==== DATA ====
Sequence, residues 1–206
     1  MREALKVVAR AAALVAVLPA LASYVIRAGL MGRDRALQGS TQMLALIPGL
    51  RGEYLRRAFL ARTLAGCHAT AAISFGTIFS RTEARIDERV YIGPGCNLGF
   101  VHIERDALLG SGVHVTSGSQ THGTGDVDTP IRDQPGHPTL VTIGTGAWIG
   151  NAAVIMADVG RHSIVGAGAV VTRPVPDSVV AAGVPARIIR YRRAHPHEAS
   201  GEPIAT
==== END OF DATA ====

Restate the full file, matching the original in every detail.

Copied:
Sequence, residues 1–206
     1  MREALKVVAR AAALVAVLPA LASYVIRAGL MGRDRALQGS TQMLALIPGL
    51  RGEYLRRAFL ARTLAGCHAT AAISFGTIFS RTEARIDERV YIGPGCNLGF
   101  VHIERDALLG SGVHVTSGSQ THGTGDVDTP IRDQPGHPTL VTIGTGAWIG
   151  NAAVIMADVG RHSIVGAGAV VTRPVPDSVV AAGVPARIIR YRRAHPHEAS
   201  GEPIAT